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Removing Inactive Sessions

"I connect to my customer over the Internet, running APPX on their Windows server. It works okay, but once in a while my APPX session just dies on my laptop. I guess it is timing out, or something.

Although I can start another APPX session and continue working, the previous session is still running on the server and has the process locked that I want to work on. What can I do to free up that process, given that I am running over the Internet?"

When you log on to the customer's server, write down the PID that appears on your APPX/Client screen in case your session dies. Next time you log on you could run a one line APPX subroutine "RUN kill <pid>". Note that you can only kill your own processes, unless you are an administrator.

The kill command may not be installed on the customer's server. If not, consider installing the cygwin utilities from https://cygwin.com/index.html

If you go into Registration Usage at System Administration->System Setup->System Registration then click 'View Registration Usage', you can see the PIDs of registrations in use.

If Registration Usage contains entries for which there is no corresponding entry in the Task Manager's Processes list, you may want to set environment variable APPX_LS_GHOSTS=1, in order to instruct APPX to purge the dead entries. And/or delete $APPXPATH/0SA/Data/USAGE.dat and USAGE.key at will. Also see Purging The USAGE File for a technique to trim the usage file on a running system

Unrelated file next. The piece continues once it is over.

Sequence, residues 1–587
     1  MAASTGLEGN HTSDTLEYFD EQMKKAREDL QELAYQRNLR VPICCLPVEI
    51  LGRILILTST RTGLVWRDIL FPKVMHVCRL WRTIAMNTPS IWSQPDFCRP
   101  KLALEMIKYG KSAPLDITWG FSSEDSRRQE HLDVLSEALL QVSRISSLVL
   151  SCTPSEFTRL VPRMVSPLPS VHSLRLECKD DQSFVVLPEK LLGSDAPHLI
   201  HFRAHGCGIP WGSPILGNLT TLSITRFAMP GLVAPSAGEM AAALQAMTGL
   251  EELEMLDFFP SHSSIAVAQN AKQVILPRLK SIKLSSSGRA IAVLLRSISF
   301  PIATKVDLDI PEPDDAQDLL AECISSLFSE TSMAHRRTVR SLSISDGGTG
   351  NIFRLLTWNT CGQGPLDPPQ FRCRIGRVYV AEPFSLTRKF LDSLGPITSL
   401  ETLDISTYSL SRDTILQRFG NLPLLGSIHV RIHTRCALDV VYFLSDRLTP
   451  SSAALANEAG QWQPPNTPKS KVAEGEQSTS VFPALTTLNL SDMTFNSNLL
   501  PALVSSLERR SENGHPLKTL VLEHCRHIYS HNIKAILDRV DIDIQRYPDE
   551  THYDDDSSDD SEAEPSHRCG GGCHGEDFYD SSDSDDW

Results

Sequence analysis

We have a record in a file that is reporting "locked" if you try to change it. No one is on it that we are aware. Hints for what to do? The user, running APPX Client, was in the middle of updating this record when her session "crashed".

The APPX session is probably still running on the server, and that's what's holding the record.

You need to do one of the following:

- Have a look at the registration usage to see if there is an orphaned session for that user. If you can find it, terminate it from Task Manager (Windows) or the command line (Linux/Unix).

- Reboot the server (simple, but drastic)

- On Windows, you can use Handle on the server and find the PID that has the file and terminate it. At the heart of it, Handle digs out the PIDs and the open files. You still have to parse through Handle, once you have it from https://technet.microsoft.com/en-ca/sysinternals/bb545021.aspx

- Ask everyone to log off, stop the Login and License servers, and kill any remaining APPX sessions on the server. If there are background jobs running, it might be tricky to identify the background jobs from the ghost task.

- Identify the process id's of all currently connected clients (look in the title bar) and kill everything but those. Again, watch out for background jobs, if you use them at your site. Also, you might want to stop the Login service while you do this to prevent new users from logging on while you try to find the ghost process.

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Topic revision: r4 - 2016-01-21 - JeanNeron
 
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